Scientists have always kept secrets. But rarely in history have scientific secrets been as vital as they were during World War II. In the midst of planning the Manhattan Project, the U.S. Office of Strategic Services created a secret offshoot - the Alsos Mission - meant to gather intelligence on and sabotage if necessary, scientific research by the Axis powers. What resulted was a plot worthy of the finest thriller, full of spies, sabotage, and murder. At its heart was the 'Lightning A' team, a group of intrepid soldiers, scientists, and spies - and even a famed baseball player - who were given almost free rein to get themselves embedded within the German scientific community to stop the most terrifying threat of the war: Hitler acquiring an atomic bomb of his very own.
While the Manhattan Project and other feats of scientific genius continue to inspire us today, few people know about the international intrigue and double-dealing that accompanied those breakthroughs. Bastard Brigaderecounts this forgotten history, fusing a non-fiction spy thriller with some of the most incredible scientific ventures of all time.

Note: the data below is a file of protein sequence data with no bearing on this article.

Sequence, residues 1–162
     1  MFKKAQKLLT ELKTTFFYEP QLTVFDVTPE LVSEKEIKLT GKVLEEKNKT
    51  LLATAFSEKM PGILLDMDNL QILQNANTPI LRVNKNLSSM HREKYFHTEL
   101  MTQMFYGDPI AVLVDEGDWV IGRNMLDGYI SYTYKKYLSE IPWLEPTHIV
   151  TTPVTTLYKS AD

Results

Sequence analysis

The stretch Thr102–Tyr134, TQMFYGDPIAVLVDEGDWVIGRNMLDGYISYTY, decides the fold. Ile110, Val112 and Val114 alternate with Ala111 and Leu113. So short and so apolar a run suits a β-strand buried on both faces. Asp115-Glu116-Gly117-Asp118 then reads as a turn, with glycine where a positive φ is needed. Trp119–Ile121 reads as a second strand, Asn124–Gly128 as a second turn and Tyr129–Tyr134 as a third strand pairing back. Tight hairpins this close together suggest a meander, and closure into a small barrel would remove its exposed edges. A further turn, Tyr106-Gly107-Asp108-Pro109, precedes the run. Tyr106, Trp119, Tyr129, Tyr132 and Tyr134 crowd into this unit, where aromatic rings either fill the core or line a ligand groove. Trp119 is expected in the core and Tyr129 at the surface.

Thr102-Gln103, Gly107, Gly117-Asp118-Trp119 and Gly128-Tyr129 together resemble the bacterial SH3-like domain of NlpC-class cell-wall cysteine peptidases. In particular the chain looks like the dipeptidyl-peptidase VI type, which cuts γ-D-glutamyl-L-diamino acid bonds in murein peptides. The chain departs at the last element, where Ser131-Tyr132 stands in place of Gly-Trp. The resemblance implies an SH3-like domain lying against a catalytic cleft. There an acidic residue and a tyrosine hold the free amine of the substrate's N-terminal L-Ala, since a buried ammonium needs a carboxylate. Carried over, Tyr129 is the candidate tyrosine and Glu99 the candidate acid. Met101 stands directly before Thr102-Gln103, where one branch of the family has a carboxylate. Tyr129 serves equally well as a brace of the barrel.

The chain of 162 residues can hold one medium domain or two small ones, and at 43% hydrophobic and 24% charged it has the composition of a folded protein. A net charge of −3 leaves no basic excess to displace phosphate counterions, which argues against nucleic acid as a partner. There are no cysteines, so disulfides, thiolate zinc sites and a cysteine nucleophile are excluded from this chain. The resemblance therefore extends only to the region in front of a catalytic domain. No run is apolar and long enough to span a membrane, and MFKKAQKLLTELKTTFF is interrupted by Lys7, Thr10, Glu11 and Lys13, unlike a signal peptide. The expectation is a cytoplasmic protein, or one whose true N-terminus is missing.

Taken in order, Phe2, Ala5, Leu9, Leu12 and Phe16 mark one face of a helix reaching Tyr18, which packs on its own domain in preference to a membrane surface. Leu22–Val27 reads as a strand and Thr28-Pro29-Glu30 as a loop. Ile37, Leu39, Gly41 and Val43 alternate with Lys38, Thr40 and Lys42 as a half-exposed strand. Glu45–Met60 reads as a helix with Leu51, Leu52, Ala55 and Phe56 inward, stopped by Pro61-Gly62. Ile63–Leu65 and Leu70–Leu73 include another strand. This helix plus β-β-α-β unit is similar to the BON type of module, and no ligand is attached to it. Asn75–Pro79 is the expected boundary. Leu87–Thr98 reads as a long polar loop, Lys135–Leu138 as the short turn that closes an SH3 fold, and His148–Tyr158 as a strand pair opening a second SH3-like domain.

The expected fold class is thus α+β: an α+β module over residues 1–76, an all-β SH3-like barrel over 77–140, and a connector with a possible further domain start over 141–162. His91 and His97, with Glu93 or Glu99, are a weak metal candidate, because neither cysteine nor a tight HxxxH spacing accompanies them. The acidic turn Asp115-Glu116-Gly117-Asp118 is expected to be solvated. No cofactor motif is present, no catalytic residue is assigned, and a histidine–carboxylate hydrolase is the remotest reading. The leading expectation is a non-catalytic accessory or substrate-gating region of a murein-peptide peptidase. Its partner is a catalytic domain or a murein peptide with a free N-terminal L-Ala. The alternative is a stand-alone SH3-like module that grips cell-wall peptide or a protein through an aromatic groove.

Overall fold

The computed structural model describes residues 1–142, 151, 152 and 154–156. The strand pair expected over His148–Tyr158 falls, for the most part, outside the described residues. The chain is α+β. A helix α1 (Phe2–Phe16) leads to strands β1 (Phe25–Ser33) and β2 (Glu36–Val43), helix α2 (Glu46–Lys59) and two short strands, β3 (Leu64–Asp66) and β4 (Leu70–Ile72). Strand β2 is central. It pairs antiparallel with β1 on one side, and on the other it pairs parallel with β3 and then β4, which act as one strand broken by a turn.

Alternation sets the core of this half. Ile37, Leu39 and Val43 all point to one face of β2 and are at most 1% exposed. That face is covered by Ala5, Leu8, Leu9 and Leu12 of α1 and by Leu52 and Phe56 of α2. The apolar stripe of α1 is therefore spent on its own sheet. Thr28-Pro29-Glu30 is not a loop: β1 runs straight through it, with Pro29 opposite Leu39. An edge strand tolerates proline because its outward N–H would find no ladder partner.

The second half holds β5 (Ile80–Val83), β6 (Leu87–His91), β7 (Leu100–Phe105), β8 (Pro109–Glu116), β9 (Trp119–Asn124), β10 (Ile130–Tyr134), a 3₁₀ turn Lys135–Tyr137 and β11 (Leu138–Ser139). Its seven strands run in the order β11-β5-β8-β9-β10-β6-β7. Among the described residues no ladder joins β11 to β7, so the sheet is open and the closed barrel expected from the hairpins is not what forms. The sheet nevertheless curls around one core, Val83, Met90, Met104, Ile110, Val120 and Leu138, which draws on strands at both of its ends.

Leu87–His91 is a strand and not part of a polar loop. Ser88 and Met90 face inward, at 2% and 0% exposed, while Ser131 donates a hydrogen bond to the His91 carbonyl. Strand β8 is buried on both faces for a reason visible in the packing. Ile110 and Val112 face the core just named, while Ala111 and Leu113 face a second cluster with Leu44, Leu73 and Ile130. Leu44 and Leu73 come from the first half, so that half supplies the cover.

Science writer Kean (The Disappearing Spoon) switches topics with this sprawling history of the Western spies, soldiers, and scientists who worked to thwart Nazi development of a nuclear bomb, accompanied by helpful cartoon illustrations of the relevant scientific concepts. The chronological account begins by introducing a large cast, including Samuel Goudsmit, an emigre physicist; Moe Berg, a pro baseball catcher turned spy; Boris Pash, a WWI vet who commanded the book's titular brigade; and Navy airman Joseph Kennedy Jr., who died as part of a failed mission to destroy German missile bunkers suspected of being nuclear bomb silos. The point of view shifts among these and other characters, taking them through various adventures, including the bombing of a Norwegian ferry carrying heavy water for Nazi nuclear reactors and an attempt to assassinate German physicist Werner Heisenberg. Kean often takes a jokey tone, which readers will either love or hate (describing Marie Curie, he writes "the old lioness roused herself and barged into the lab"), and the majority of sources are secondary, leaving it unclear how he reconstructed dialogue. Readers who love spy stories will enjoy this entertaining book, but WWII aficionados and scholars may want to pass it by.